uti possidetis juris (UPJ) is a principle of customary international law that serves to preserve the boundaries of colonies emerging as States. Originally applied to establish the boundaries of decolonized territories in Latin America, UPJ has become a rule of wider application, notably in Africa. The policy behind the principle has been explained by the International Court of Justice in the Frontier Dispute (Burkina Faso/Mali) Case:
[UPJ is a] general principle, which is logically connected with the phenomenon of the obtaining of independence, wherever it occurs. It's obvious purpose is to prevent the independence and stability of new States being endangered by fratricidal struggles provoked by the challenging of frontiers following the withdrawal of the administering power…Its purpose, at the time of the achievement of independence by the former Spanish colonies of America, was to scotch any designs which non-American colonizing powers might have on regions which had been assigned by the former metropolitan State to one division or another, but which were still uninhabited or unexplored.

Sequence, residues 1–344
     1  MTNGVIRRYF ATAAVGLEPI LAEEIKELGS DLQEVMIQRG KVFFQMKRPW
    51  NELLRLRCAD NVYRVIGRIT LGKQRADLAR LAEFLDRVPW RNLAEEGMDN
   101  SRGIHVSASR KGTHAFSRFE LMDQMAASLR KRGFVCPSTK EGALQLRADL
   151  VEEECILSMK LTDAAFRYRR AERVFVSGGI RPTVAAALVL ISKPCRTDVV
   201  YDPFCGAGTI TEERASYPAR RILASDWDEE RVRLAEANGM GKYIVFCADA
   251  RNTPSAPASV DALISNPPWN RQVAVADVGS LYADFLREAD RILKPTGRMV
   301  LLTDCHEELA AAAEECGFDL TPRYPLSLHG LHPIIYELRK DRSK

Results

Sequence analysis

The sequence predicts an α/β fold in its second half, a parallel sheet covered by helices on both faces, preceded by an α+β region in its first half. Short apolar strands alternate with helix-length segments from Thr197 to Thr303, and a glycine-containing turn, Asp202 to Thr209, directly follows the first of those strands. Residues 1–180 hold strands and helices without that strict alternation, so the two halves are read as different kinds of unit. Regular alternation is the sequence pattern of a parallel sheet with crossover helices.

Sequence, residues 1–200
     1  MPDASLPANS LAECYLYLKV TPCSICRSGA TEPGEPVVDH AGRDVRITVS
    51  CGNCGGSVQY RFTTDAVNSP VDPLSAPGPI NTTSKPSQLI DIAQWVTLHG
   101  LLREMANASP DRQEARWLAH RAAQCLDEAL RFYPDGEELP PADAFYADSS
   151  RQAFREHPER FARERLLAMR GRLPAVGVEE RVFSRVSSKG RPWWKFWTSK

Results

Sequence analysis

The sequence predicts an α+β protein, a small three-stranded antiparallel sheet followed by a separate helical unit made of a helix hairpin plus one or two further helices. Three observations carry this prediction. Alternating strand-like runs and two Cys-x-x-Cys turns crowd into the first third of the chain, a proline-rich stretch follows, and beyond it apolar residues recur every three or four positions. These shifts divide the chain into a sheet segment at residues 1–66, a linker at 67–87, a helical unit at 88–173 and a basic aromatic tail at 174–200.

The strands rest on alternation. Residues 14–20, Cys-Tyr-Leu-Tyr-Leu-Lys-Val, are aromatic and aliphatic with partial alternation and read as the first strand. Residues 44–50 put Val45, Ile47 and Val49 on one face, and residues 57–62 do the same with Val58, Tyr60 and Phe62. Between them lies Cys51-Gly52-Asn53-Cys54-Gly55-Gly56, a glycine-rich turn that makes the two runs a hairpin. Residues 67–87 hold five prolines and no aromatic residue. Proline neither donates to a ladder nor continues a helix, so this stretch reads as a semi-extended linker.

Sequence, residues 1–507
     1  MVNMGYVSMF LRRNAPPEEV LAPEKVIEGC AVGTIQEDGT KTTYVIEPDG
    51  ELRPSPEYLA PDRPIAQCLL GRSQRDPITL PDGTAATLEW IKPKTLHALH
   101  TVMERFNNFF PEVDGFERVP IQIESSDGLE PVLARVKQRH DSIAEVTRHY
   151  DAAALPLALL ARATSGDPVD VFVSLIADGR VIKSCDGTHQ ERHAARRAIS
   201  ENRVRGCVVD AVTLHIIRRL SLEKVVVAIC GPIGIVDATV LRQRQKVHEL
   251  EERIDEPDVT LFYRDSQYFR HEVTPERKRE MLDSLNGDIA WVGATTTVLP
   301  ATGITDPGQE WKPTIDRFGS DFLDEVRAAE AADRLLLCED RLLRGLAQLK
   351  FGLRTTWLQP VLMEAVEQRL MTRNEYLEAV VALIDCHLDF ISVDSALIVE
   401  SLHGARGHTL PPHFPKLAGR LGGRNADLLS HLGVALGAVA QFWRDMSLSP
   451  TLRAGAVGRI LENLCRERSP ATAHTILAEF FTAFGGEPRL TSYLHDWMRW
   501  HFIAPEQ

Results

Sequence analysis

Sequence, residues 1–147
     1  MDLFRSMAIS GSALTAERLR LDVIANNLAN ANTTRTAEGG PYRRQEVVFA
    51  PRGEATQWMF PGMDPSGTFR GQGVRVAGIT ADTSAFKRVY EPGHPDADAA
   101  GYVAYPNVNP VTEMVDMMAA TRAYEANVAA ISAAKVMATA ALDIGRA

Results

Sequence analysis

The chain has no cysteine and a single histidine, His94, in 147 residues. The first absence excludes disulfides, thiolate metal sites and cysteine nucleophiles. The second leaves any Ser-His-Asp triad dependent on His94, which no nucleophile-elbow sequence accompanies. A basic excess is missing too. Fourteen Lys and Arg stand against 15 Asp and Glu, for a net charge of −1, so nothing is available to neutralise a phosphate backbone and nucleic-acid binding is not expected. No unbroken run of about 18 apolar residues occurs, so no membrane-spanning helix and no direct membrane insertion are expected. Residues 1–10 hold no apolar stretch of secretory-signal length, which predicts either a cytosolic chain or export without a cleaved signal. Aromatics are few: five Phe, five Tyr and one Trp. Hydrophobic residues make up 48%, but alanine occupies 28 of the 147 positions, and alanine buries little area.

Case Concerning the Frontier Dispute (Burkina Faso/Republic of Mali), ICJ Judgment, 22 December 1986, ¶20